FINAL SPOILERS: The Lorax is clearly meant to be seen in 3D, with multiple sequences lending themselves to a dimensional view. There’s the bed river ride, the multiple scooter trips by the boy, and that climactic chase. Even the credits sequence is intended to have multiple layers going. As I have only seen this in 2D, I can attest that there’s plenty of detail in the CGI animation, but I can’t comment on the obvious effect we are meant to experience.
The Lorax is being released on Blu-ray and standard definition today, as well as in a separate 3D edition. The Blu-ray has the movie in high definition picture and sound, along with an armload of extras. The Blu-ray package includes the DVD, which holds some of the same extras, and one additional one not found on the Blu-ray. An insert provides the code for obtaining Ultraviolet or Digital copies of the movie. The usual pocket BLU and BD-Live functionality is also included.
VIDEO QUALITY 4 ½/5
The Lorax is presented in a 1080p AVC 1.85:1 transfer that really showers the screen with color. On a technical level, this is a great-looking Blu-ray, with the transfer showing plenty of detail in the animated CGI landscapes and characters. The style is obviously similar to Despicable Me, but in this film, things are working on a larger canvas of characters and environments.
AUDIO QUALITY 4 ½/5
The Lorax is presented in an English DTS-HD Master Audio 5.1 mix that fills the home theater with music and sound effects, much in the same way that the same company did with the Blu-ray of Despicable Me. In addition to the high definition audio, there are Spanish and French DTS 5.1 tracks, and an English DVS track..
SPECIAL FEATURES 3/5
The Blu-ray presentation of The Lorax comes with a pretty generous pile of special features, mostly intended for use by children. Some of the extras are exclusive to the Blu-ray, some are shared between the Blu-ray and the DVD and there’s one that is actually exclusive to the DVD. The Blu-ray also includes the usual BD-Live, pocket BLU and bookmarking functionality, as well as D-Box for viewers who have that ability. The Blu-ray packaging includes the DVD as well as an insert with the code for obtaining a digital or Ultraviolet copy of the movie.
My Scenes – The usual Blu-ray bookmarking feature is available here, allowing the viewer to set their own bookmarks throughout the film.
BD Live – The usual Blu-ray online functionality is present, allowing the viewer to access trailers and other bonus content through the Universal portal.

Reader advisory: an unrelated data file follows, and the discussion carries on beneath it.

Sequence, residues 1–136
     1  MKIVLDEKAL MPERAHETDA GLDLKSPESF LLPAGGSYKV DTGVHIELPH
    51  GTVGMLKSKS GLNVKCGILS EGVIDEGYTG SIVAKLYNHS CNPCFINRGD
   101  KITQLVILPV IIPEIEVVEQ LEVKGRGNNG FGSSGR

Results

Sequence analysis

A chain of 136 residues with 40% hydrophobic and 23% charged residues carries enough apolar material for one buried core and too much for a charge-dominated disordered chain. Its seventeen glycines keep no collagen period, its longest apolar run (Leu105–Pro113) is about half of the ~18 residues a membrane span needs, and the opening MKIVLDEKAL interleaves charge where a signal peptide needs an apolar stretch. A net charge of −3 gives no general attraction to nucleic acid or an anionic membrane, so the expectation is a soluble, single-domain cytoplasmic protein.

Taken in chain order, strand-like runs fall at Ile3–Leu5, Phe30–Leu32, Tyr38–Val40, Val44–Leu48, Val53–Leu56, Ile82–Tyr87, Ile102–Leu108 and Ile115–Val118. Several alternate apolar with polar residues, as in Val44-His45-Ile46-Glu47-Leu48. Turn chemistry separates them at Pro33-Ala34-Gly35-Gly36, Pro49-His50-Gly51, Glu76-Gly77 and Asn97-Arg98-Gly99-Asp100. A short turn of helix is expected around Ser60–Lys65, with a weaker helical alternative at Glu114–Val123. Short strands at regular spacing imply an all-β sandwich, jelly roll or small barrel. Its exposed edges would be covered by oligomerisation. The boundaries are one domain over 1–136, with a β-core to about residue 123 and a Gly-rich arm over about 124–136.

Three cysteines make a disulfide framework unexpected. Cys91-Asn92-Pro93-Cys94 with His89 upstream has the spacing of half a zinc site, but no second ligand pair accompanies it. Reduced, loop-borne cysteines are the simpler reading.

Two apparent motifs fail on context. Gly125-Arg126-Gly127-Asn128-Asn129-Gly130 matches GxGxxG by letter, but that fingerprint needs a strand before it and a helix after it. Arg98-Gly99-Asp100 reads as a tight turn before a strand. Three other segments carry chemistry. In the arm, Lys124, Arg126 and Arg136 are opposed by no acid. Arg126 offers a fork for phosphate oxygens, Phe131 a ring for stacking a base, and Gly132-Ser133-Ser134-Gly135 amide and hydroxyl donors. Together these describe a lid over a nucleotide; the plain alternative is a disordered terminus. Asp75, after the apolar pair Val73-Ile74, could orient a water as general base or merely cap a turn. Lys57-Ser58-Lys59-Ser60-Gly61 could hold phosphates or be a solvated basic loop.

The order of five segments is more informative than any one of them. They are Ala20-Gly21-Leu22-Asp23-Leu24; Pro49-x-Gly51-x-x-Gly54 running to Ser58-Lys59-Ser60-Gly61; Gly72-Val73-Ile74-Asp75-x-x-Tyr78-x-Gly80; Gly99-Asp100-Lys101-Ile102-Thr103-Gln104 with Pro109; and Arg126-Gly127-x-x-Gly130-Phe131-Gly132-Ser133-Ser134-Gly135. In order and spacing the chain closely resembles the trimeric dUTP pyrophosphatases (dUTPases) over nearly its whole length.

pocket BLU – The Universal application for smartphones and tablets is present here, allowing the viewer to use their device as an effective remote, and to access some of the bonus content through that device.
Commentary with Chris Renaud and Kyle Balda (AVAILABLE BOTH ON BLU-RAY AND DVD) – This scene-specific commentary with the co-directors finds them in a pretty jovial mood. They begin with the note that this movie may have been the very first Universal release to use the new 100th Anniversary logo. There’s some discussion of the performances of the various cast and of the differences between the Dr. Seuss book and this adaptation. They’re both very pleased with the movie, and apparently don’t realize the incongruity of the ending, which they say is based on illustration seen at the very end of the book.
Mini-Movies (AVAILABLE BOTH ON BLU-RAY AND DVD) – Three short animated films are included on the disc, each focusing on a moment with either the young adventures of the Once-ler or of the animals during the time when the valley was green.
Wagon Ho (3:10, 1080p, Dolby Digital 5.1 Sound) – This short vignette shows what happens when the animals go on a little joyride with the Once-ler’s wagon.
Forces of Nature (2:14, 1080p, Dolby Digital 5.1 Sound) – This short has the Lorax enlisting Pipsqueak to help him scare the Once-ler into leaving the valley, with very wet results for the Lorax.
Serenade (3:19, 1080p, Dolby Digital 5.1 Sound) – This short is a singing competition between two of the barbaloots as they try to woo another.
Making the Mini-Movies (3:31, 1080p) – This quick featurette discusses the origin of the mini-movies, in that they are really just concepts and material that didn’t quite make it into the final movie. “Forces of Nature” got the farthest along before it was realized that it was repetitive of the river ride beat and was then detoured to the short subject. Some demonstration is shown that the mini-movies make use of the same CGI assets and models developed already for the film.
Deleted Scene (1:31, 1080p) (AVAILABLE BOTH ON BLU-RAY AND DVD) – This is actually an extended version of the scene where the Once-ler’s Thneed sample winds up on the head of a girl who makes it desirable for everyone. It’s really a kind of wild stunt ride that doesn’t have a lot of purpose to it as the Thneed lands on different people including a motorcyclist. The nicest part of the scene has the motorbike jumping through the giant donut logo of “Hertz Donuts”. If you don’t know what a Hertz Donut is, just ask a nine-year-old boy.